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Extremophiles. 1998 Aug;2(3):223-8.

Analysis of intracellular pH in the yeast Saccharomyces cerevisiae under elevated hydrostatic pressure: a study in baro- (piezo-) physiology.

Author information

1
Japan Marine Science and Technology Center, Yokosuka, Japan. abef@jamstec.go.jp

Abstract

Hydrostatic pressure is a distinctive feature of deep-sea environments, and this thermodynamic parameter has potentially inhibitory effects on organisms adapted to living at atmospheric pressure. In the yeast Saccharomyces cerevisiae, hydrostatic pressure causes a delay in or cessation of growth. The vacuole is a large acidic organelle involved in degradation of cellular proteins or storage of ions and various metabolites. Vacuolar pH, as determined using the pH-sensitive fluorescent dye 6-carboxyfluorescein, was analyzed in a hydrostatic chamber with transparent windows under elevated hydrostatic pressure conditions. A pressure of 40-60 MPa transiently reduced the vacuolar pH by approximately 0.33. A vma3 mutant defective in vacuolar acidification showed no reduction of vacuolar pH after application of hydrostatic pressure, indicating that the transient acidification is mediated through the function of vacuolar H(+)-ATPase. The vacuolar acidification was observed only in the presence of fermentable sugars, and never observed in the presence of ethanol, glycerol, or 3-o-methyl-glucose as the carbon source. Analysis of a glycolysis-defective mutant suggested that glycolysis or CO2 production is involved in the pressure-induced acidification. Hydration and ionization of CO2 is facilitated by elevated hydrostatic pressure because a negative volume change (delta V < 0) accompanies the chemical reaction. Moreover the glucose-induced cytoplasmic alkalization is inhibited by elevated hydrostatic pressure, probably because of inhibition of the plasma membrane H(+)-ATPase. Therefore, the cytoplasm tends to become acidic under elevated hydrostatic pressure conditions, and this could be crucial for cell survival. To maintain a favorable cytoplasmic pH, the yeast vacuoles may serve as proton sequestrants under hydrostatic pressure. We are investigating the physiological effects of hydrostatic pressure in the course of research in a new experimental field, baro-(piezo-) physiology.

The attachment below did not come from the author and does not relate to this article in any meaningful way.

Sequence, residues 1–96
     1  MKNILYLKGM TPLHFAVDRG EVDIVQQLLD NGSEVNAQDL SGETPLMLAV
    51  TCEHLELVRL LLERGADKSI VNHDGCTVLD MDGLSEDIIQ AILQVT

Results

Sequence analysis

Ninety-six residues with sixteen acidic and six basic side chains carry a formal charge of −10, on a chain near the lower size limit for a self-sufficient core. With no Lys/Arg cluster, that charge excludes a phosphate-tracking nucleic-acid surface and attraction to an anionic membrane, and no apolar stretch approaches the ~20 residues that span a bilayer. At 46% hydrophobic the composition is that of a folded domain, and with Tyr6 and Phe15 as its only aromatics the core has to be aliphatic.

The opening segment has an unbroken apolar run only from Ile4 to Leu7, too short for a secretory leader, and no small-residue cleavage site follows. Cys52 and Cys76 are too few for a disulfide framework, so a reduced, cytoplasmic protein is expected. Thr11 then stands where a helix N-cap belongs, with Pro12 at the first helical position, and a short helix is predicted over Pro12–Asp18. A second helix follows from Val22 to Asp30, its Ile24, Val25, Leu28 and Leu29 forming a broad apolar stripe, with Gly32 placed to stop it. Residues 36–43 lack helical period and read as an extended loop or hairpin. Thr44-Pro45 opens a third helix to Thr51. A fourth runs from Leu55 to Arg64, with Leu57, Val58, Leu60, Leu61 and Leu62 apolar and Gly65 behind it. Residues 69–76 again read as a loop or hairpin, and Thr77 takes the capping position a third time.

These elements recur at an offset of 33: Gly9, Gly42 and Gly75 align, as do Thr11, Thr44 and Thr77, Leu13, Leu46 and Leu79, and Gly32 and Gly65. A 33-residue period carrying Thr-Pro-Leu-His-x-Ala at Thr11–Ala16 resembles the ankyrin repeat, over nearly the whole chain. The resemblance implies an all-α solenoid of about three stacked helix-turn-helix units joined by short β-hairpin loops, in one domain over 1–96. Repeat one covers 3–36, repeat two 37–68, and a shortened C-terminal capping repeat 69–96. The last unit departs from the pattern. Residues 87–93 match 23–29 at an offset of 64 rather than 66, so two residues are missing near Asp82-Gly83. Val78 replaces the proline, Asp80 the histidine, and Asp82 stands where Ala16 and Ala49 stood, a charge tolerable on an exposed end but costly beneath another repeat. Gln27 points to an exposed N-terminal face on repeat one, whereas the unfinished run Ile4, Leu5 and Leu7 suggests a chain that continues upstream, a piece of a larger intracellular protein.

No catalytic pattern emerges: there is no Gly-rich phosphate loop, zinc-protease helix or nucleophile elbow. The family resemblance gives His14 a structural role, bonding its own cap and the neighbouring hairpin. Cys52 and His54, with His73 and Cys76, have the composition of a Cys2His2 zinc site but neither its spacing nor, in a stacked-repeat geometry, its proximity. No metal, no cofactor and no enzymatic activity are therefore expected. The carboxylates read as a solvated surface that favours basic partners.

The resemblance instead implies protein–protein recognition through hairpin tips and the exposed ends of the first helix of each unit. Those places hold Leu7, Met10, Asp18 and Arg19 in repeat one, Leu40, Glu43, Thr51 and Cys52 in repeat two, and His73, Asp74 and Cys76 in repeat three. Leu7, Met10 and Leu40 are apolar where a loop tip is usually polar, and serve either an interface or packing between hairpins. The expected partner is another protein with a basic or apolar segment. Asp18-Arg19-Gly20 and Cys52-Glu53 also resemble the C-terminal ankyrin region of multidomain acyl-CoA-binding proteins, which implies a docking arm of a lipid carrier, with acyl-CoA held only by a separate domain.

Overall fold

PMID:
9783169
[Indexed for MEDLINE]

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